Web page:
Wednesday, September 1, 2010

Providing Care in Moratai

When three of our first-time Project HOPE volunteers boarded the USNS Mercy on July 3rd, they had no idea that they would also be spending three nights on a much smaller Australian boat, traveling to Moratai, Indonesia. Our Australian partners provided all that was necessary to support the Moratai MEDCAP team, including transportation, lodging and meals. Although unconfirmed by independent sources, the HOPE team claims that Kiwi amenities included a chef that served roast lamb, garlic cream prawns, fresh fruit salad and ten different marinates for barbecue.

There was another charming aspect to the voyage that made up for our volunteers sleeping in what was essentially a shipping container or out on deck in the rain. Instead the traditional Navy reveille each morning, all MEDCAP providers were summoned each morning with the announcement, “Wakey, Wakey, time for breakfast!”

Among those sleeping in the converted shipping container was HOPE’s Dr. April Kranz. April worked in a Mayan Village in Belize during her fourth year of medical school, and it was there her passion was ignited for international medicine. During her first Project HOPE mission, April has seen patients in the ship’s sick call, and worked on one day MEDCAPs. But she found her foray to Moratai most exciting. “We saw a lot of lumps and bumps,” she said, “but I also saw a case that a really cool local doctor help me diagnose as probable leprosy, not something I’m likely to see at my hospital in California.”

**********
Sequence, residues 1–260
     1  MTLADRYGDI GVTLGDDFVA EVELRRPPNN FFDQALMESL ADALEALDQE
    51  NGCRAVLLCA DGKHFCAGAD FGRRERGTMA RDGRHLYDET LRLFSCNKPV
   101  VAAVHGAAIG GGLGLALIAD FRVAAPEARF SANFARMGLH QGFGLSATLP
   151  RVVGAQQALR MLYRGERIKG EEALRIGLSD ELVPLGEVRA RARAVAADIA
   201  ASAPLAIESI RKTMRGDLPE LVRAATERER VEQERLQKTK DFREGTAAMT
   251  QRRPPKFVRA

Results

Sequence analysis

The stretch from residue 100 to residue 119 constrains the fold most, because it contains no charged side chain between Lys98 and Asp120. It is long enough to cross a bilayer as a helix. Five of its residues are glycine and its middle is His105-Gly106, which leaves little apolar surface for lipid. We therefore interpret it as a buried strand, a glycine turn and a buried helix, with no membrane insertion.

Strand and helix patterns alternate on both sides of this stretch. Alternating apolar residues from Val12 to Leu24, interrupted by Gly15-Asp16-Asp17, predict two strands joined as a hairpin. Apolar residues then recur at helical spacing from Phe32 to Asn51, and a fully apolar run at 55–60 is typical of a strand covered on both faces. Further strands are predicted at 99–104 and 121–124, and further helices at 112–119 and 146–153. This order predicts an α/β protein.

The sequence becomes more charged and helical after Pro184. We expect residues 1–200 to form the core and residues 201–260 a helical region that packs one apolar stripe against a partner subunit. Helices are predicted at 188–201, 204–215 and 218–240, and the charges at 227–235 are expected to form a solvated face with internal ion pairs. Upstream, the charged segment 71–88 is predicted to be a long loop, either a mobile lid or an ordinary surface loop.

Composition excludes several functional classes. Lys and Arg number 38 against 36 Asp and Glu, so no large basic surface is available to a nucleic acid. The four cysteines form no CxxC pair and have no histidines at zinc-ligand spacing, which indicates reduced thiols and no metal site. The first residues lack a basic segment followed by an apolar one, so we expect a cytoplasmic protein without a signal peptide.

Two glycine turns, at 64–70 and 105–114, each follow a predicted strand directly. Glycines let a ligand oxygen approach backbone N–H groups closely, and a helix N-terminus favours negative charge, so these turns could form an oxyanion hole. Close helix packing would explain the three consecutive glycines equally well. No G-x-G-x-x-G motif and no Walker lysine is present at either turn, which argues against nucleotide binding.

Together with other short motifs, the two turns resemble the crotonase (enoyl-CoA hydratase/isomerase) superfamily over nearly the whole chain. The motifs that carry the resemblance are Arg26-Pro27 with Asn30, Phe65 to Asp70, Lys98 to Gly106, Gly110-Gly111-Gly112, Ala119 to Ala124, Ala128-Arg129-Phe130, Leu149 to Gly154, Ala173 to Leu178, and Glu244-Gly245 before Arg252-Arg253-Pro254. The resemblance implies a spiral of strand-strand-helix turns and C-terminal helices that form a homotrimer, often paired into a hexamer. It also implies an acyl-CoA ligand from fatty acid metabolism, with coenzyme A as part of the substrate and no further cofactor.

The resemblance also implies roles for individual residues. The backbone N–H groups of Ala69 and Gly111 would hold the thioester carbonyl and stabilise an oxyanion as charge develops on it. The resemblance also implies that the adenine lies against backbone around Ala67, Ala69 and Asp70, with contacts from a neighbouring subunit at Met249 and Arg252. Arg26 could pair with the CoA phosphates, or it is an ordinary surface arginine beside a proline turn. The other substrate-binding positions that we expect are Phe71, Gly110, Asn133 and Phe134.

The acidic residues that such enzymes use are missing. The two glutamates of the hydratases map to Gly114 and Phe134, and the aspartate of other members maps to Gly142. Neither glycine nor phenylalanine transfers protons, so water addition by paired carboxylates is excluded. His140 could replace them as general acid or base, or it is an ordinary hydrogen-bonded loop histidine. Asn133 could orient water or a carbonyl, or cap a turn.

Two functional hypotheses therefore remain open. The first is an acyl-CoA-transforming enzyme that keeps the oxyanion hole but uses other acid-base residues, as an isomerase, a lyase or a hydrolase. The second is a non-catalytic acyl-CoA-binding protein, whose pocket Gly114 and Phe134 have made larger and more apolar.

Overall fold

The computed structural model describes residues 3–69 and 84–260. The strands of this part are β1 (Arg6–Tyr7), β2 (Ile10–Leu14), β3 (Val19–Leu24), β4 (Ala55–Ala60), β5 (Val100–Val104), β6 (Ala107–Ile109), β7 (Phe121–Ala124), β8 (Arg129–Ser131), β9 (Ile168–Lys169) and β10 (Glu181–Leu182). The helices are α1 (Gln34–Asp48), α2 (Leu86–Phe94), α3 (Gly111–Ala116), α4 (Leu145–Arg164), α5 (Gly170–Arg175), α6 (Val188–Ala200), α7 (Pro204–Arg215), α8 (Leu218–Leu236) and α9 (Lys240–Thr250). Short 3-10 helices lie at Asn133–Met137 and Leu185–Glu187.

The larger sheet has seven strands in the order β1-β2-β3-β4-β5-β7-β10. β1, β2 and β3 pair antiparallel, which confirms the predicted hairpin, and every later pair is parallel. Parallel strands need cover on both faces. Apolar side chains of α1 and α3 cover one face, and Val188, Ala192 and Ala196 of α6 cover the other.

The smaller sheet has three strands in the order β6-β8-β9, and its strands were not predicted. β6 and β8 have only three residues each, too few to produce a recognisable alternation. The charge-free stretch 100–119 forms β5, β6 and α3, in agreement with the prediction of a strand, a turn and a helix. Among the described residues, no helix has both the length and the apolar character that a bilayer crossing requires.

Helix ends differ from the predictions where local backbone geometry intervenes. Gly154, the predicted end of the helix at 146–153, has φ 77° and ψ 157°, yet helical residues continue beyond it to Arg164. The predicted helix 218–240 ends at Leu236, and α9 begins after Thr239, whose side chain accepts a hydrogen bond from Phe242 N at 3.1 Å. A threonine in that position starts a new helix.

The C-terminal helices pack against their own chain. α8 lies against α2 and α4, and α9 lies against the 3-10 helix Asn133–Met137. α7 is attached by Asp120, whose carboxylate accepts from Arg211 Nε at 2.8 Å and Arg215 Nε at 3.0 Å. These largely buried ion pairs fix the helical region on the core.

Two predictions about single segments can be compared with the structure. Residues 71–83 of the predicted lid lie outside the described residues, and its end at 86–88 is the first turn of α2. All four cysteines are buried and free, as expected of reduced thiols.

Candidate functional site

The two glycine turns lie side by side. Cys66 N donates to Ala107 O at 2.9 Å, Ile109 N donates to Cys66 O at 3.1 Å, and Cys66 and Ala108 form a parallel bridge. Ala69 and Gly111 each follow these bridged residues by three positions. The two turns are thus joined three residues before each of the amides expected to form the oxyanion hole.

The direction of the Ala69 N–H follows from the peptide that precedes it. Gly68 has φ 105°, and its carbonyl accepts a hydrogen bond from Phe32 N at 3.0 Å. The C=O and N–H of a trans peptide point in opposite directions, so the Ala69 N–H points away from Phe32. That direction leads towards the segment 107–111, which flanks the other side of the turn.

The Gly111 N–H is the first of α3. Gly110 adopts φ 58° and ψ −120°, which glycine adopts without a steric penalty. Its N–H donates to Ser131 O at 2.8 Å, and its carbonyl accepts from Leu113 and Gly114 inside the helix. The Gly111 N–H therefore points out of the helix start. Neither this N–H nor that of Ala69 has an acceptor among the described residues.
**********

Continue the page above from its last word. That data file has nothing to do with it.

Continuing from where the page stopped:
Sleeping out on the deck was Brian Cox, who after six years of training, is just weeks away from being a full-fledged pharmacist. It seems the pharmacists on this mission work harder than anyone, because virtually every patient seen by every provider stops by the field pharmacy before leaving. In Moratai, Brian worked alongside two Indonesian pharmacists and a Navy technician to fill approximately 1,000 prescriptions a day. If Brian’s plans for the future pan out, he’ll be wearing a US Public Health Service uniform, working to promote the health of American Indians.

Dawn Horowitz is also completing professional requirements for an advanced degree on this mission, that of a nurse practitioner (FNP.) “We’ve seen a lot of untreated broken bones,” says Dawn. “People fall out of trees while harvesting coconuts, and without access to appropriate treatment, they suffer a deformity for the rest of their life. These remote areas present a huge challenge for health care.”

“What we do medically during a three-day encampment is limited,” says April, a doctor who plans a career in international medicine. “We have to keep remembering that the MEDCAPs are just one small piece of a broader initiative to build infrastructure and relationships.”

Thanks for your interest in Project HOPE -- Kathryn Allen, HOPE Public Affairs Officer

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